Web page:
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30 for 30: The Price of Gold

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Nancy Kerrigan and Tonya Harding's story is somehow now even stranger than it was then.  Not a lot has changed between now and then, other than that both skaters are now retired.  The public conception of both has calcified to such a degree that Kerrigan is the ice princess, and Harding is the trashy, brash challenger.

It does seem, in retrospect, that Harding got railroaded.  She was never found guilty of premeditated crime, though she did plea bargain for a lesser sentence.  She did, however, get banned from the sport for life.  Such a punishment is overly harsh, as there's hardly a smoking gun that links Harding to the crime.  She did, ultimately, suffer the additional punishment of being an outsider.  When push came to shove, she didn't have the friends or connections in the skating world to get her plea reduced, and became just another poor person eaten by the system.

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30 for 30: Youngstown Boys

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Maurice Clarett is fascinating.  Jim Tressel... was his coach?  They were both from Youngstown, which apparently means something to the directors of the film.

Clarett, after a successful freshman year at Ohio State University during which he excelled at running back and led the team to a national title, was crucified for daring, DARING to accept some kind of sanctioned gift from a booster to supplement his lack of income from the enormously profitable college sports complex he was a part of.  He then ended up as a sacrifice to the bureaucratic egoes of the NCAA, serving a two-year school-imposed suspension that was wildly out of line for his behavior.  He then made some poor choices, washed out of the NFL before the end of his first training camp, and eventually went to jail after falling into a pattern of drug and alcohol abuse.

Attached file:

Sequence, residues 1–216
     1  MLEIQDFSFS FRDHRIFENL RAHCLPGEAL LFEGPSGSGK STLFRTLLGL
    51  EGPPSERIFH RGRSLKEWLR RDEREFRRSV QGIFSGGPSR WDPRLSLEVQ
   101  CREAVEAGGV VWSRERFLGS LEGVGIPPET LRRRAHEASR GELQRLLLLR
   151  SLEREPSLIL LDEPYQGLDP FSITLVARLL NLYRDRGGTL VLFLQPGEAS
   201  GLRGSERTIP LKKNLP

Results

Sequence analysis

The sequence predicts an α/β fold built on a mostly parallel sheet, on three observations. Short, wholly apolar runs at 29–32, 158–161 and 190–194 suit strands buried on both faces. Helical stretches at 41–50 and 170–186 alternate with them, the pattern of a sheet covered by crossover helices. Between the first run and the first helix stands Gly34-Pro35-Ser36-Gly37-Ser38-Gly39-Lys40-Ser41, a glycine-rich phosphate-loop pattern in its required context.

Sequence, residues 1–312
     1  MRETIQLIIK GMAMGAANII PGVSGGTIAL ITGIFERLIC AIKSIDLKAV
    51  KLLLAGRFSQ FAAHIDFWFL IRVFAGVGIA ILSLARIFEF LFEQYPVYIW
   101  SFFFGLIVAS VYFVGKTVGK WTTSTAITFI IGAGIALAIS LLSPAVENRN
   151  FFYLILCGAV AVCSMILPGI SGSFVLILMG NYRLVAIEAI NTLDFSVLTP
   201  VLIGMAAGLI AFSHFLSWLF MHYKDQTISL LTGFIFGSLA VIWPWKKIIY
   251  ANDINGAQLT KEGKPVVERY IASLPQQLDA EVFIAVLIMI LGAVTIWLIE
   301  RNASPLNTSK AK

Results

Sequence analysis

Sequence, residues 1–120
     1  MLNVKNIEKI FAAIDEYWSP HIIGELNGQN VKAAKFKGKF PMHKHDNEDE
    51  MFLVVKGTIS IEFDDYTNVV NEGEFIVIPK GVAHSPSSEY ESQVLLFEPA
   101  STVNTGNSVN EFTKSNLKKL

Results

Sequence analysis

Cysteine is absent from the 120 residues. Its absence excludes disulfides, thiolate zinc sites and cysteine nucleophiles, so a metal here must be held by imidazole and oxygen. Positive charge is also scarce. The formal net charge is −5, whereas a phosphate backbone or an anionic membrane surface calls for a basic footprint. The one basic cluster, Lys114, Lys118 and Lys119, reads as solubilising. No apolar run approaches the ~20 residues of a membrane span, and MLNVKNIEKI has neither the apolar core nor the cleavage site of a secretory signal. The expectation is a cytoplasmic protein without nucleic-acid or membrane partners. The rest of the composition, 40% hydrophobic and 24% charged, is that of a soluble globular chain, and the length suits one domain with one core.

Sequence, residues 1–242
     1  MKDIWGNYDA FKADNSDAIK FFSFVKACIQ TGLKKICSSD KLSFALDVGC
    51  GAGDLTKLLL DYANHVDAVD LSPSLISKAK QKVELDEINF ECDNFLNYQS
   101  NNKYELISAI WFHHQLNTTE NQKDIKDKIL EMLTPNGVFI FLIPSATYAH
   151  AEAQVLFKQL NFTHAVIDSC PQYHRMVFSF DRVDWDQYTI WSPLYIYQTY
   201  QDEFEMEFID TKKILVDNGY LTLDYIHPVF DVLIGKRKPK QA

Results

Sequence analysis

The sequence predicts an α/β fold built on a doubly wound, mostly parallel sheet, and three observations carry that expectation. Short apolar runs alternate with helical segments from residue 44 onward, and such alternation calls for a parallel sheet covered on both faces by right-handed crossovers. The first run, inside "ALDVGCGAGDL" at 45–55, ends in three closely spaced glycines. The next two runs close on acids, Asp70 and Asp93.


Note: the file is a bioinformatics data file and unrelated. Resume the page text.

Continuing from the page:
Then, he started a blog.  It was assisted by his girlfriend, who took Maurice's notes from prison and put them into WordPress after every visit.  The blog has since been taken down, but Clarett proved himself an erudite, philosphophical writer, a distant cry from the careless thug that he was portrayed as in the media.  Hardly a shocker, I suppose, that a black man who challenges the system is portrayed as an incorrigible self-centered drug addict, but shameful nonetheless.  When Clarett was able to harness the power of the web as a platform, he was able to correct the mistaken impression that the media had given him, and make people realize that hey, maybe he got railroaded.

Youngstown Boys is a triumph, fall-from-grace, redemption story that happens to be true, and it works well.  Then they threw some stuff about Jim Tressel in there, I guess because they needed some filler time.  Anyway, it's a good movie, despite the irrelevant white father figure.


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Mike Tyson: Undisputed Truth

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Mike Tyson is a fascinating character.  He's very nearly the last gasp of the heavyweight champions when we still cared about such things.  (Evander Holyfield has a better claim to being the true last gasp.)  Everyone knows his name, and he was an incredibly talented fighter that has left an absolutely crazy trail in his wake.

The span of his career is mindblowing.  He has served so many roles for our culture that it's incredible

  1. A rags-to-riches heavyweight champion
  2. A convicted rapist
  3. A rehabilitated boxer
  4. An ear-biting lunatic